We’ve all heard it before and know that it’s true. Small things make a difference. I know that if I write one chapter every weekday, I’ll have a book sooner than later. But not everyone can do that. I read a blog by Stuart Danker (whom I met on my blog), and he wrote a novel by writing 250 words a day. https://stuartdanker.com/ I’ve met writers who are weekend warriors who only write on Saturdays and Sundays and end up with novels. We all have to find our own path to writing. And no one thing is right for everyone. BUT, small things add up to bigger things. Of that, I’m sure. And it doesn’t just make a difference in writing.
My youngest sister is trying to clean out my sister Patty’s house to put it up for sale. I mentioned my sister’s death a while ago. Patty loved THINGS. Cleaning out Patty’s house is a . . . chore. Her house made me border on claustrophobic. Every inch of wall space was filled. Knickknacks were everywhere. Pictures hung everywhere. It was almost overwhelming.
But on Saturday, I put on my crappy work clothes and met Mary there to start sifting through the big stuff. Don’t get me wrong. I’m only small time help. Mary’s doing all of the day to day, ugly stuff. I’m just there for heavy labor. BUT, Mary hates to cook. Since we were meeting at one, I said I’d bring lunch. Mary loves spaghetti, so I made a huge pot of that. Enough for leftovers. And, it made Mary so happy, it made me feel bad. I take her and my cousin Jenny leftovers every other night, so that Mary doesn’t have to cook right now, but it made me realize what a small thing made so much difference to her. That, and having a body show up so that she didn’t feel so alone.
It made me think about what makes the biggest impact in everyday life. Sure, I have big goals that I’d like to reach. But those goals come one step at a time. Sometimes, one increment at a time. And there are plenty of failures to make me feel that I’m not making any headway at all. But what sustains me? The small everyday joys of life. My HH. Friends. Family. Pets. Anything that offers hope and sustenance. When my rankings go up on Amazon. When I get a good review. Small things make a big difference.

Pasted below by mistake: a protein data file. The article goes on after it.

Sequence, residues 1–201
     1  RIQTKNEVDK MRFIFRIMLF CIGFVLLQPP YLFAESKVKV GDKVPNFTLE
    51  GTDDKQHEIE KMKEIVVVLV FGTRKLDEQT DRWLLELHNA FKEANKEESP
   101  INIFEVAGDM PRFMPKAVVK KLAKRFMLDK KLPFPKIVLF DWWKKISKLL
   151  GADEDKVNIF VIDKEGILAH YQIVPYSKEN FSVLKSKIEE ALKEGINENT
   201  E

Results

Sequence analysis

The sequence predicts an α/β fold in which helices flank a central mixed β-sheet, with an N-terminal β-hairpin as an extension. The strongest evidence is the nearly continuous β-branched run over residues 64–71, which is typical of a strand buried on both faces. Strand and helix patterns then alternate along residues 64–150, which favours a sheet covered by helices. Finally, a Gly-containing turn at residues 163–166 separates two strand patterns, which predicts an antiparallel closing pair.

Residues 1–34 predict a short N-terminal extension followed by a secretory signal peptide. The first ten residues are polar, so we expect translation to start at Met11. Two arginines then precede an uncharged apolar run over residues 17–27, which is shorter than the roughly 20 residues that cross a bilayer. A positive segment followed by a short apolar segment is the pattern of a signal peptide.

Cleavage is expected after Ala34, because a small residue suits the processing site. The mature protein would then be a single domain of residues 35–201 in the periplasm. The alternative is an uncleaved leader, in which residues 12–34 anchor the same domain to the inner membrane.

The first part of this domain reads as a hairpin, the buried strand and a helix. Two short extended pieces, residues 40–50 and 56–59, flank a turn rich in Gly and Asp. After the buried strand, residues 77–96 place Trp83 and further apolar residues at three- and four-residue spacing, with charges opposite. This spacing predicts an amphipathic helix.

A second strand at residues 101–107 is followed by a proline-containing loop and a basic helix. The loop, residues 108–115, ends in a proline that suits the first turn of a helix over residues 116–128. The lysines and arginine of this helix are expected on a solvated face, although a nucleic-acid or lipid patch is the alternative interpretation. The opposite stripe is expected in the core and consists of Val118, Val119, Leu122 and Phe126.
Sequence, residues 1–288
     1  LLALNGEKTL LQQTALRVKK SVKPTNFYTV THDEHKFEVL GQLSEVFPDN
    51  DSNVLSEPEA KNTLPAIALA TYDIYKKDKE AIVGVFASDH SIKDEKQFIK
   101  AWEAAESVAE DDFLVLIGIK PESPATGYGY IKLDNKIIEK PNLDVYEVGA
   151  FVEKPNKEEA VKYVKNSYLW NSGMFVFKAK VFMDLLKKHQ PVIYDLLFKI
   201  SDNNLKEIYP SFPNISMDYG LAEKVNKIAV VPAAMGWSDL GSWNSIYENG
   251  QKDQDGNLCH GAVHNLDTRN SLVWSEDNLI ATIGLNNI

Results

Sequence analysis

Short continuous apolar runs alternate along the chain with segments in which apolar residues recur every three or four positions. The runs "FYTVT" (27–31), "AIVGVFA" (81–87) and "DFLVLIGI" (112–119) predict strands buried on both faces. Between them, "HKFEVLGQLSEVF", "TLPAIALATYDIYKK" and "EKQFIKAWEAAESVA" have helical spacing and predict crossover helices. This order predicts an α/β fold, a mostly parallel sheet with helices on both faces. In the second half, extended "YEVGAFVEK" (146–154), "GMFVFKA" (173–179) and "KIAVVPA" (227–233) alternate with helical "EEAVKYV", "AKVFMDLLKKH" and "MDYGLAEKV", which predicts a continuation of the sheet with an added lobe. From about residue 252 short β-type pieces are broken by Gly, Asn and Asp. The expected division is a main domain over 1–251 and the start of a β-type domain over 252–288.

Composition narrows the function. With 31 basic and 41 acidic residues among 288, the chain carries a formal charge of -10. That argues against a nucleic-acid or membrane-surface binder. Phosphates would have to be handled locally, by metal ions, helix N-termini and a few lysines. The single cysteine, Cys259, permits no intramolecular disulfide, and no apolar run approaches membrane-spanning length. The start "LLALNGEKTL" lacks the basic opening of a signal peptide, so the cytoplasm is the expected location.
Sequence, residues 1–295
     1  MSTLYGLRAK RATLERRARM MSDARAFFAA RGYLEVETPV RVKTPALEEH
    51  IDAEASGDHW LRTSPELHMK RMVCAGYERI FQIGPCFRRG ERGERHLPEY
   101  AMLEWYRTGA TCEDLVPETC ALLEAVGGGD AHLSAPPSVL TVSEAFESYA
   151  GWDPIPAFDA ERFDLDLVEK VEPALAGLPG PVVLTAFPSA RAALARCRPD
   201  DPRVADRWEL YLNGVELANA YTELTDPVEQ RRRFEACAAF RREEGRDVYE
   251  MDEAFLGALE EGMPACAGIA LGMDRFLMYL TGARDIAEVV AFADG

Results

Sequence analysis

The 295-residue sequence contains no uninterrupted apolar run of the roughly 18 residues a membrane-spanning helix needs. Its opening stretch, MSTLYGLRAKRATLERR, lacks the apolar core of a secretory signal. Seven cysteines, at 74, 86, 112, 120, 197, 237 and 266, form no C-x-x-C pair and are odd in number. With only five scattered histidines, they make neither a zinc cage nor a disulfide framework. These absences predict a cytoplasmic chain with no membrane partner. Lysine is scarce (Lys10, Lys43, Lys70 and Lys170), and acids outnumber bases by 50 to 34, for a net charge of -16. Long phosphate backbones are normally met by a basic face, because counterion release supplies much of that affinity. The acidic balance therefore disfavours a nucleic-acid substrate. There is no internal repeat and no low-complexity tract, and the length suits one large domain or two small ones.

In the very beginning of my writing endeavors, I was happy when I got a “good” rejection from an editor, when someone took the time to write a personal note on why they turned down my manuscript. (And I will forever love Richard Chizmar from Cemetery Dance because of his nice rejections). Ruth Cavin ALWAYS wrote a personal note when she rejected one of my novels. And as weird as it sounds, those rejections made me feel like I was making progress.
So much of writing is impersonal. (And that might be a good thing. I don’t think I could stand facing down a choreographer or director to have him tell me I didn’t make the cut). But one rejection after another beats the heck out of your writer ego, so any glimmer of hope helps. Every ‘yes’ makes a difference. Every “you almost made it” helps you carry on. Well, it’s just the same with everything in life. I watched Face the Nation this morning and listened to the many people talk about John Lewis, “the conscience of Congress.” He had lots of setbacks, lots of “someday.” But he carried on. Because he had HOPE. He believed in himself. And he believed in America. Hope’s what got me through. I hope you have lots and lots of it.